Can we read the stegonography or not?


Sep 16, 2006
9
0
#1
Can we read the steganography or not?
My father-in-law is a computer secutriy expert with top level security clearances. Last week, my father-in-law visited the FBI computer crime lab. During his visit, it was learned that the FBI does not have the ability to actually read encripted steganography. They only have the ability to detect if it is on a computer.

As a soldier and a frontline veteran of Operation Iraqi Freedom, national security is of most importance to me. To learn that the FBI does not have the ability to read encripted steganography is extremely alarming.

My wife's exhusband, a software engineer, writes software for and has access to airline security. He is also an admitted child pornograher. His computer contained Arabic trasmissions (he's not known for speaking or understanding Arabic) along with other encripted files. In the early 80s, he used to brag about stealing other people's credit card info and using it to support his habits on the internet. It is obvious that this weak-minded individual would have no quams about hurting others by trading airline security for money or even child pornography.

How is it that the FBI cannot compete with a terrorists or even a child pornographer if it is true that the FBI cannot read or see the images of encripted steganography?

Even though the FBI does have his computer, I have hidden away more of his "greatest hits" in hopes for the ability to decypher the files. How far behind are we? When will we be able to decypher stegonogropy?

With much thanks,

A concerned citizen
 

AlanOne

New Member
Nov 18, 2005
701
0
#2
deltaromeo said:
I have hidden away more of his "greatest hits" in hopes for the ability to decypher the files.
Um...that's interfering in a Federal investigation, not to mention some other wonderful federal charges. Military or not...you should not be in possession or even mention possession of these files.

On the other issue, encryption is just that....encryption. Suspects can encrypt files, hard drives, etc. but in most cases, they leave traces of things behind, or they use a very weak encryption algorithm. Not a high percentage use encryption to their fullest potential. The FBI has the same issues most examiners have...we have all run into various forms of encryption. Some are breakable, some are not so easy. Most of the time it takes a little social engineering to get further in the investigation...and a little luck.

Good Luck,

Tim, CCE
 

cybercop

Administrator
Oct 31, 2005
1,660
0
#3
Obstruction of justice to what end? What do you hope to gain by keeping the "greatest hits"? How did you aquire the "greatest hits"? If I was in investigator with the case, I would probably push the obstruction charge. Especially since by holding on to evidence you have totally blown the chain of custody and made the evidence useless. You have given the defense their defense. "He did it because he wants to be vendictive since he is married to my ex-wife. He manufactured the evidence. He is the one surfing CP and trying to pin it on me."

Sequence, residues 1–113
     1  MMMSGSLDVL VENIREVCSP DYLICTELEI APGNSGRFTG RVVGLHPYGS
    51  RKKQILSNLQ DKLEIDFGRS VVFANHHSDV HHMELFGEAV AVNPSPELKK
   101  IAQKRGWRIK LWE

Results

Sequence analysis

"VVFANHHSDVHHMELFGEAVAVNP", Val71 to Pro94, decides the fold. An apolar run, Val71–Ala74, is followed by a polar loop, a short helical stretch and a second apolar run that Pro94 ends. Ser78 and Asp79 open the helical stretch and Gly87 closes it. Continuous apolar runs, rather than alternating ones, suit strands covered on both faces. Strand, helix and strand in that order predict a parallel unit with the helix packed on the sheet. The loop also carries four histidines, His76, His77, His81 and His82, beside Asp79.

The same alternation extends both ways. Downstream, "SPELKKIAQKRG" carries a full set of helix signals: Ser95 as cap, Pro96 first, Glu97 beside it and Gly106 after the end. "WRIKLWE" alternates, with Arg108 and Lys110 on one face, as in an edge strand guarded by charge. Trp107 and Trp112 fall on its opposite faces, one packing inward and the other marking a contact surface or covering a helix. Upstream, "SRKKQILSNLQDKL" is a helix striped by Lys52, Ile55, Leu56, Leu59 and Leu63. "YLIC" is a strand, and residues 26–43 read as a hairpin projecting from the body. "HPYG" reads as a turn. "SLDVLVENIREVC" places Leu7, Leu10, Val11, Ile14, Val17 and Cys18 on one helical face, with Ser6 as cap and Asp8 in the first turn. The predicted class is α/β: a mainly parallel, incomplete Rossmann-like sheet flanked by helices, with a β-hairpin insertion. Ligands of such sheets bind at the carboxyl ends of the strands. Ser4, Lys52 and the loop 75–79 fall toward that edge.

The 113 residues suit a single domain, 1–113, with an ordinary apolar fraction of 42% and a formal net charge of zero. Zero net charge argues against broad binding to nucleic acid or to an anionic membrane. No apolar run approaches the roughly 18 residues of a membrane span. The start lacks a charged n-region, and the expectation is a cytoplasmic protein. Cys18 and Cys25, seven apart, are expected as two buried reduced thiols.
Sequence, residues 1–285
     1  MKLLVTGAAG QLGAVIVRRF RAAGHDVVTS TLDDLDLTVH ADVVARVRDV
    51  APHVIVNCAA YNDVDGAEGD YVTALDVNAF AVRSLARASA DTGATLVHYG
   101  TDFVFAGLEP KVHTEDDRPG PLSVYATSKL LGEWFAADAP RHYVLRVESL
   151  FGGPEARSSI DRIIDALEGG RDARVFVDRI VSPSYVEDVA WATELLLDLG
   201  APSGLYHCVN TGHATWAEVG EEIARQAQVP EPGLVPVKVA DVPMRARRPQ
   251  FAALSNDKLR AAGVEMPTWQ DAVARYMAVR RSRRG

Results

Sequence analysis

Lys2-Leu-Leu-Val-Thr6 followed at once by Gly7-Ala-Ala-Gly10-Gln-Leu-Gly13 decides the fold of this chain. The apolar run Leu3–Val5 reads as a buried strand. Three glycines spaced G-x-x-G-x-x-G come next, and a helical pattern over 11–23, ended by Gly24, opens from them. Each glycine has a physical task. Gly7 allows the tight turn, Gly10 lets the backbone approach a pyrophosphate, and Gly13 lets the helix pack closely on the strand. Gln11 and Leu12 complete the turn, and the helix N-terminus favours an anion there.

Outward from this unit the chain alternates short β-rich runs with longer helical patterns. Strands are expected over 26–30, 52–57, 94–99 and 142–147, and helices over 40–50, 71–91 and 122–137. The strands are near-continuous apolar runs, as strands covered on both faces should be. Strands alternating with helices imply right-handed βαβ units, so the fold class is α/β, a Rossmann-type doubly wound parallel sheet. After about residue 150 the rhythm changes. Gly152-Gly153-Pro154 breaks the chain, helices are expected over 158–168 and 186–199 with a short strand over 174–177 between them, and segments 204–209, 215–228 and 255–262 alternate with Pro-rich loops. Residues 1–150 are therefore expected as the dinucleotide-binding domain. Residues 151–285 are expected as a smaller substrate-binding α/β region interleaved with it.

Sep 16, 2006
9
0
#4
Sadly this is not how the justice system works these days. I have offered the police these files and the fbi; the otherthey told us to hang on to them for future reference. In the files etc. You can't see anything illegal and That is not what I want--incriminating evidence in my possesion. They are to inindated with this stuff to be effective, thus the world forum gives me hope. They have stated their are thousands of files but they can't tell how old the boys are. I don't mean to be graphic. He has very expensive lawyers, like certain MJ cases he gets away with.... He will not be charged on anything. He has had findings overturned etc.. He infact has custody of the children starring in these pics. the very children who brought it to the attention of the mother. I could go on and on. If noone charges him because it is not "cost effective" (stated by the attorney generals office) The children reported use of "white space and special glasses etc.." This was years ago and just sounded crazy to small town investigators. The thought of putting it on music was also unheard of. They tried to give the computer back but luckily the father in law stepped in and wouldn't allow it-knowing full well it would break the chain of possession.
I train Police, Fbi, and Military. I have followed the letter of the law including reporting abuse for my little step son knowing full well if he was not taken seriously we would not see him again(it gave the father the nail in the coffin he needed). He stated is father hurt is bum and they promptly gave him back to the father. Two doctors noted evidence as well.
Anyway, thank you for your thoughts.
 

keatron

New Member
Sep 10, 2006
18
0
#5
I think a bigger issue here is how much trouble you have potentially gotten your father-in-law into. Just be careful in situations like this, and almost as important, be careful, very extremely careful what you post on a public forum.
 

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